The Path to Excellence

It is not uncommon to find a young child who is eager to grow up and serve his or her country, playacting the role of a hero. It is, however, quite a task to find a young adult who has actually pursued this dream, putting in years of hard work to achieve their goal of serving others. 18-year-old Kellin Tompkins is one such person.

Mr. Tompkins was born in Missouri, but spent the majority of his life in Frisco. He is currently a freshman at Texas A&M University and he is studying economics with an intended minor in Russian. He is a member of the Corps of Cadets and plans on commissioning in the Air Force as a member of the Office of Special Investigations or as a pilot. “It is my ultimate goal to work for the Central Intelligence Agency,” he shares.

Mr. Tompkins recently received the General Carl A. Spaatz Award for his achievement with the Civil Air Patrol (CAP). However, his journey to accepting this honor began many years ago. While he was a middle school student, a friend introduced him to the CAP and its Cadet Program. As Mr. Tompkins and his parents learned more about this demanding program, they realized it was a chance for Mr. Tompkins to develop leadership and teamwork skills, gain discipline and learn about the science of aeronautics. His father, T. Lynn Tompkins, Jr., jokingly states, “It is like Boy Scouts on steroids.”

The CAP, which hosts the Cadet Program, was created on Dec. 1, 1941. The Patrol is a congressionally chartered, federally supported nonprofit corporation that serves as the official civilian auxiliary of the U.S. Air Force. The CAP is a volunteer organization with an aviation-minded membership that performs congressionally-assigned key missions including emergency services, search and rescue (by air and ground), disaster relief operation, aerospace education and the Cadet Program. In addition, the CAP has recently been tasked with homeland security and courier service missions. The CAP also performs non-auxiliary missions for various governmental and private agencies, such as local law enforcement and the American Red Cross.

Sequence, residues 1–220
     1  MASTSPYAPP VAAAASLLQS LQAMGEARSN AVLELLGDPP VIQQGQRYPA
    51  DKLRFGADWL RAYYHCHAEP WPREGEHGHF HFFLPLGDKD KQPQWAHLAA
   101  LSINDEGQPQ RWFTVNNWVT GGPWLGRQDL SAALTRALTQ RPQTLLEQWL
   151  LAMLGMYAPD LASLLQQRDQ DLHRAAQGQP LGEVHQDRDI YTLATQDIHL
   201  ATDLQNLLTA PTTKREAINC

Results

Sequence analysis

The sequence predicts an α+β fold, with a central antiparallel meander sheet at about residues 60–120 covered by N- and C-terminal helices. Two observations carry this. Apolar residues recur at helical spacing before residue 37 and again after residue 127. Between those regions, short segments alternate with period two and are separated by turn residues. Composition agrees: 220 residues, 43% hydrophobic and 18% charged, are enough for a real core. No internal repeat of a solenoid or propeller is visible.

The Cadet Program, designed for students ages 12-18, helps instill the values and the mission of the CAP and offers unique experiences for students to develop in discipline, knowledge and service. Cadets meet weekly to learn various skills. Through the week, cadets are expected to study materials, improve personal fitness levels and practice different drills and procedures. In addition to weekly meetings, Cadets are invited to participate in summer and winter encampments to train, study and participate in select activities.

Mr. Tompkins shares, “In the CAP, I have served in a wide array of positions ranging from logistics, public affairs, recruiting and multiple command level positions. I did spend most of my time at the local unit level serving as the Cadet Commander. My duties consisted of long-term planning in order to ensure growth of the unit, while maintaining a high standard of training. I was also chosen to represent the CAP in the International Air Cadet Exchange as a Cadet ambassador to China, where I spent two weeks this summer.”

As Mr. Tompkins progressed through the

Cadet ranks, his father points out that the skills and leadership he gained had a strong role in his development and allowed him many exciting opportunities that few others have at such a young age. The program even offered him the opportunity to go to China and receive his pilot’s license. His father believes his son’s success within the program was also instrumental in his receiving a four-year Air Force Reserve Officer Training Corps (AFROTC) scholarship upon graduation from Wakeland High School this past year.